As part of the Western Cape Government's response to the current drought a number of workstreams have been established to address various aspects of the drought and support various sections of society.
The Economic Security Workstream comprises of partners from the Western Cape Government, City of Cape Town, municipalities, GreenCape, Wesgro, business associations and other key stakeholders.
The goal of the workstream is to Reduce business risk and build the water sector to support water resilience in the Western Cape economy, with the following objectives:
The strategies of the workstream to meet the above objectives are:
- Host & participate in engagements with businesses & support dialogues between businesses & local municipalities
- Support, co-ordinate & distribute drought communications materials to businesses
- Provide strategic & technical support to businesses
- Provide business support to develop the water sector
- Provide information / process support to businesses having to downscale or close down
- Provide contingency planning support to businesses to help them prepare for day zero
- Collate and analyse information on business interventions, water savings and/ or own supplies and economic impacts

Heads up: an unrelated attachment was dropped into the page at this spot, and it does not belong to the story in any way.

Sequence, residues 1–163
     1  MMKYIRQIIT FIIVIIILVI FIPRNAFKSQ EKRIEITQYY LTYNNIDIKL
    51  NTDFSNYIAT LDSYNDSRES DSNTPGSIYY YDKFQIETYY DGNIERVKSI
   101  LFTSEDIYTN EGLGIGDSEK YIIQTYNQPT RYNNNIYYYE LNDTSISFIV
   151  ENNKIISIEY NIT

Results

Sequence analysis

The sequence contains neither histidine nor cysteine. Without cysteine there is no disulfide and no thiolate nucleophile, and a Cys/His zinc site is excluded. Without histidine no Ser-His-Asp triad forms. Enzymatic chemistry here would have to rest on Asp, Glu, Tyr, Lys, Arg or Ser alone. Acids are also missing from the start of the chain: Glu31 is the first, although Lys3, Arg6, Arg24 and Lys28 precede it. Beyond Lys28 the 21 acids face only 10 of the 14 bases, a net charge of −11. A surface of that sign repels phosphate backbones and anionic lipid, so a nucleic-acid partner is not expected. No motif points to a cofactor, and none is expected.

In response to business concerns around the water crisis, a Western Cape Business Support FAQ has been developed to address some of the issues that have been raised.
Overview of the Drought Status
Below is a breakdown of the state of the Western Cape dams as on 18 February 2019.
For access to the interactive Dam Level Model, click here to download. For the Dam Level Model User Guide, click here.Normally winter rainfall starts around the Easter Weekend but in 2017 it started in June. The province experienced below normal rainfall from May to September (+-50% of Long Term average) which has had a significant impact on water levels in our major storage dams. Although some dam levels are increasing, the Western Cape is still at risk and therefore the South African Weather Service (SAWS) has recommended that drought measures continue for the foreseeable future. As such businesses need to plan for a new normal.
The City of Cape Town has released its Water Outlook for 2018, which is regularly updated as conditions change.
While many businesses are based in Cape Town, operations and supply chains may be located in other parts of the Western Cape. Thus it is critical for businesses to be aware of the water situation across the province.
The image above shows the catchment area that the City draws on for water supply - the Berg-Olifants Water Management Area. Water storage levels are critically low in all catchments as shown below.
This situation will be further impacted by climate change which, in the Western Cape, is projected to lead to:
- Decrease in average rainfall and a change in its seasonality and intensity
- Increased temperatures
- Increased wind speeds
- Increased fires
All of these will have impacts on the availability of water.
Below you can find the latest Western Cape Municipal Drought Status issued by the Disaster Management division of the Department of Local Government.
Note: it is focused on hydrological (urban based) drought and does not include agricultural drought. This map will be updated as and when applicable.
To find out current water restriction for the Western Cape Municipalities and dam levels click here.